• Anti-immigrant rally after anti-immigrant rally flopped.  It’s almost not worth mentioning any longer, but the anti-immigrant crowd is really bad at mobilizing mass support.  This year, Steve King held at least two rallies where nobody came.  One of them involved Michele Bachmann pleading with supporters to come out to a “high noon” rally on Capitol Hill; the event was later downgraded into a press conference for lack of support.  Multiple anti-immigrant rallies during the summer were actually drowned out by pro-reform supporters.  Anti-immigrant efforts in July and August turned out only handfuls in a few cities.  An extremist protest in December brought out two dozen people demanding to “evict the negro from the White House” and “hang the lying traitor piece of shit.”  The same day, twenty anti-immigrant sheriffs made it to Capitol Hill to hold a closed-door press conference with Sens. Jeff Sessions and David Vitter — just a tenth of the 200 sheriffs the event initially boasted.  In comparison, check out the size of the immigrant and advocate watch parties convened the night President Obama announced his executive action.
  • Republicans fear-mongered about…everything.  Scabies?  Ebola?  Enterovirus?  ISIS?  Terrorists?  If there was something to be even mildly concerned about, then Republicans were trying to connect to immigrants or the children at the border, despite the complete lack of evidence.  Scott Brown even managed to twist ebola, ISIS, and border security together in a single soundbite that Greg Sargent dubbed, “The Fox News Trifecta.”  Blaming immigrants for disease is not historically new, but it remains disturbing to see members of Congress whip up so much hysteria over immigrant children.
  • Republicans and right-wingers absolutely lose it over executive action.  This year saw a history-making change in immigration policy when President Obama announced a series of executive actions that will protect some 5 million DREAMers and parents from deportation.  Predictably, Republican members of Congress and the right-wingers who support them lost it over this announcement, calling the development nothing less than a “constitutional crisis” (Jeff Sessions) that has “triggered the death of the Republic” (Trent Franks).  Tom Coburn warned that “you could see violence,” Lamar Smith claimed that Obama “actually declaring war on the American people and our democracy,” Mo Brooks wanted to imprison the president, at least ten House Republicans called for impeachment, and Kris Kobach compared executive action to “ethnic cleansing.”  Ted Cruz, of course, tried to use executive action to push for yet another government shutdown, and ended up with an embarrassing point-of-order vote that ended up benefitting Democrats.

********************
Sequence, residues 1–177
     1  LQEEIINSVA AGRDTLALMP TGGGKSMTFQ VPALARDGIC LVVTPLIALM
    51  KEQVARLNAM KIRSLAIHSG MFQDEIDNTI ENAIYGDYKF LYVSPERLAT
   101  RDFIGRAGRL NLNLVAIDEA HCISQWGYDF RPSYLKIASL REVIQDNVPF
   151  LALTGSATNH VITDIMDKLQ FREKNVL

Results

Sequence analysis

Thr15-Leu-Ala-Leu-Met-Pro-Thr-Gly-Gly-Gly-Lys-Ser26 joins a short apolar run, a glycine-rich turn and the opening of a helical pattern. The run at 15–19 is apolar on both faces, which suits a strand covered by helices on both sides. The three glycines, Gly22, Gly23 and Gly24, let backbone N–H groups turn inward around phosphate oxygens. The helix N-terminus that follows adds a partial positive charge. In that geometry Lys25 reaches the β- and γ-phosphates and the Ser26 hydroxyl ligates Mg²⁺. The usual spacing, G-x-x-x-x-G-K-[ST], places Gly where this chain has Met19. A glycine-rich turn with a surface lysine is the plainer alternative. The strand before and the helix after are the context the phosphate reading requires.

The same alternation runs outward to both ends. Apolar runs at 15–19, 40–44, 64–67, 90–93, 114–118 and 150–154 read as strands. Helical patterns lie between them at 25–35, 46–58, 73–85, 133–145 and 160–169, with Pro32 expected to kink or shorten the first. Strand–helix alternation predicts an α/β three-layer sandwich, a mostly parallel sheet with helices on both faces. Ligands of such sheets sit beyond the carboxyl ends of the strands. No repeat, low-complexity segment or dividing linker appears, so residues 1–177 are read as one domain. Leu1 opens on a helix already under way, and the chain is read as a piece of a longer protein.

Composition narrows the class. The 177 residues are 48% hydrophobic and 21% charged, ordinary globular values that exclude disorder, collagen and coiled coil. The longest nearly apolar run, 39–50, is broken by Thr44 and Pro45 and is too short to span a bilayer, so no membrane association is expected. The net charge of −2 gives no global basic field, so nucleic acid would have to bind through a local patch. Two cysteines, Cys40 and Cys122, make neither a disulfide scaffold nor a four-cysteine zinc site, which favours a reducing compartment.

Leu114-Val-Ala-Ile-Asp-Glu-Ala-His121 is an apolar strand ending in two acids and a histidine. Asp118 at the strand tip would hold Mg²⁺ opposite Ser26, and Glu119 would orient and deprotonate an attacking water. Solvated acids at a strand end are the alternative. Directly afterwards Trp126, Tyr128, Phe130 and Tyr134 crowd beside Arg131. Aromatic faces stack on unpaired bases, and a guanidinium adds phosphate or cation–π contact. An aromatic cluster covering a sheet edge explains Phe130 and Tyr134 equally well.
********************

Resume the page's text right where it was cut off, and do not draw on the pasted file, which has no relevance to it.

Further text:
• States set to sue over executive action…despite the hundreds of millions in additional tax revenue that recognized immigrants will bring.  The Center for American Progress even broke down these tax gains by state.  The lead plaintiff state, Texas, alone will see $338 million in additional tax revenue over five years.  Yet these states seem determined to pursue a lawsuit that legal experts say they could ultimately have trouble winning (it will be hard for these states to demonstrate standing).  It’s true that a federal judge in Pennsylvania last week issued the first ruling against executive action, calling it unconstitutional.  But his decision was so unnecessary and contrived that even conservatives are calling it “really bad judging” and wrong for the judge to “reach out and decide the action’s constitutionality”.  Sheriff Joe Arpaio of Arizona is heading his own legal challenge to executive action, but it would be much wiser for him to focus on his own serious legal problems at home, considering that he is in imminent danger of being found in contempt of court.